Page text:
Caloric restriction in combination with low-fat diet helps protect aging mouse brains
New research finds that a low-fat diet in combination with limited caloric consumption prevents aging-induced inflammatory activation of immune cells in the mouse brain - and that exercise is significantly less effective than caloric restriction in preventing these age-related changes.
Computers discover compounds that could reduce Listeria's virulence
Researchers from North Carolina State University have pinpointed new compounds that may be effective in containing the virulence -- or ability to produce disease -- of Listeria, a well-known bacterium that can cause severe food poisoning and even death.
Canakinumab reduces risk of cardiovascular events in populations with unmet clinical need
Two new analyses of data from more than 10,000 heart attack survivors worldwide were presented by investigators from Brigham and Women's Hospital at the 2018 American College of Cardiology meeting.
Near infrared chemical imaging can help maintain the safety of pharmaceutical tablets
The final step in pharmaceutical production is often tableting. Near infrared chemical imaging can be used to monitor inconsistencies in the powder that will become the tablet, which have been introduced by mechanical processes in the tableting equipment and can lead to out of specification tablets.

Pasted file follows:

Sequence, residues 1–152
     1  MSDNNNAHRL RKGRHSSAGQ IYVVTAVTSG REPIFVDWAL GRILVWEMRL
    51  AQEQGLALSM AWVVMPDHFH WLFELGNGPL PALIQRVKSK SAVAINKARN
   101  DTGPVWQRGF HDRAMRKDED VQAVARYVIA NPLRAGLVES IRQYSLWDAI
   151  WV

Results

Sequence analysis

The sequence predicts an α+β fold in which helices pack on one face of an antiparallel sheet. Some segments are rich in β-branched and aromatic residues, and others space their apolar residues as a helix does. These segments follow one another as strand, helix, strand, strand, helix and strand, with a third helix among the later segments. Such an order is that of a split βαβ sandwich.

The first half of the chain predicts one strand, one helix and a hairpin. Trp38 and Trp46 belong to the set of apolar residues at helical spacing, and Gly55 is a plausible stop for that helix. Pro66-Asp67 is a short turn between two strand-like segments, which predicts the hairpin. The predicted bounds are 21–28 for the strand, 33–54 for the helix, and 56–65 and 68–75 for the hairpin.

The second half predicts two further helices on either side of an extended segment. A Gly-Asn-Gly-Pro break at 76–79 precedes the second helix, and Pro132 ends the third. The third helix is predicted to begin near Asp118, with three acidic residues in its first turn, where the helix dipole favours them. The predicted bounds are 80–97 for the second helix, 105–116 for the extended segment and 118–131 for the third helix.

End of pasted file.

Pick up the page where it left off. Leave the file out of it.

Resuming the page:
Genetic heart diseases cause fewer SIDS deaths than previously thought, study finds
Genetic mutations linked to heart disease have been considered a leading cause of sudden infant death syndrome, but a new study by Mayo Clinic, British and Danish researchers finds they are to blame for far fewer SIDS deaths than previously thought.
Mexico's 2017 earthquake emerged from a growing risk zone
Under Mexico, where the Cocos Plate from the Pacific Ocean slides under the North American Plate, a bending line of hills, created when the seafloor first formed, sits atop a flattened area of subduction.
Calcium testing in coronary arteries better way to predict heart attacks than stress testing alone